Schoharie Village officials are deciding whether to seek a National Register Historic District designation for most of the village.
Village board members and about a dozen residents heard a presentation from a consultant and an official from the state Historic Preservation Office Thursday night.
The village received a grant to look into seeking a designation, Mayor John Borst noted.
Village officials briefly considered a designation 20 years ago but there many fears about regulations, he noted.
After listening to the consultant and the official from the state, "I think our fears were totally unfounded," he said
Jessie Ravage, a consultant from Cooperstown, has done an extensive survey of the village and photographed all the structures that would be in an historic district and detailed why Schoharie is deserving of such a designation.
Emily Gould of the state Historic Preservation Office outlined the advantages of the designation.
A main one was tax credits for owners and commercial and private homes for rehabilitation work.
Owners could get tax credits updates and upgrades to furnaces, electrical systems. plumbing, roofs, and other repairs. Tax credits for commercial buildings could amount to up to 40 percent and the credit for homeowners could be up to 20 percent.
Not all repairs are eligible, she noted. In general, in order for work to qualify for the three state historic preservation tax credits, it needs to preserve the overall historic character of the building.
Though the work has to meet certain guidelines to be credited, the state does not tell owners what to do with their property, she added.
"It's not a penalty, it's an incentive," Ms. Gould explained.
There are no regulations that effect people in their homes and "tell them what to do," she added.
"We're trying to help you preserve it," she said. "It's not about control, it's about recognition...
"There's a bonus attached to it, but it's up to the homeowner whether to take advantage of that."
Ms. Ravage added, "It's a way to bring money back to the community."
Schoharie is a prime area for a designation, Ms. Ravage added.
"This is a very important place."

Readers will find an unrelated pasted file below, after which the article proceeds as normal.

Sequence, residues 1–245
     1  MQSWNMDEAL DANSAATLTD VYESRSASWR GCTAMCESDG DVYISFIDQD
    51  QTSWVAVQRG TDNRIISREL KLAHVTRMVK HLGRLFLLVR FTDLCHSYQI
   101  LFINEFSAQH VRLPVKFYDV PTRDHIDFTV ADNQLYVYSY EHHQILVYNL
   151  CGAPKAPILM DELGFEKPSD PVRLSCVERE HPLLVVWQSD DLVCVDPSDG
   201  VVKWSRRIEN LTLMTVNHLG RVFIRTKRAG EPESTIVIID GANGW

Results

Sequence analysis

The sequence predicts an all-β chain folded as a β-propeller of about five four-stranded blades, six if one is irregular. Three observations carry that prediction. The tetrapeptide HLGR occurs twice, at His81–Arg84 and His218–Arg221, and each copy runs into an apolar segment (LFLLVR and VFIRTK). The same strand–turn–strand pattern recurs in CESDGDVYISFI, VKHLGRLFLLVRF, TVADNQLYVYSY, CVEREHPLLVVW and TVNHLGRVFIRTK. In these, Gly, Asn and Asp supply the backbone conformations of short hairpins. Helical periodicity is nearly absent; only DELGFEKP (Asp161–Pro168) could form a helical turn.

The history in the area, the homes, the school, the library, the Main Street are all important.
Schoharie has a number of things to capitalize on.
"A beautiful place with a sense of history does draw people," she noted.
It will be up to village officials on whether to seek the designation.
The main cost will be the fee for preparing the nomination.
Ms. Ravage said that cost could be about $10,000 or so if the district encompasses most of the village (about 350 properties). Homes older than 50 years old would be eligible for grants.
The proposed district would be most of the village except for cultivated and uncultivated land with no buildings, she noted. There was a suggestion to extend the district outside the limits of the village.
It is important to publicize the process as much as possible so there are no surprises for property owners. A public meeting is recommended. All properties would be in the district, though only homes older than 50 years old would qualify for tax credits.
The process is lengthy.
A request for a workshop on rehabilitation tax credits should be made in January or February of 2017. Grant applications and other requests would be made next year. If the village decides to go ahead, the state historic preservation office will send notification letters to property owners in the fall of 2018 followed by a public meeting.
The state review board will meet to consider designations in December 2018 and, if approved, the district could be listed in March 2019, according to Ms. Ravage.
Information about the process will be put on the village website.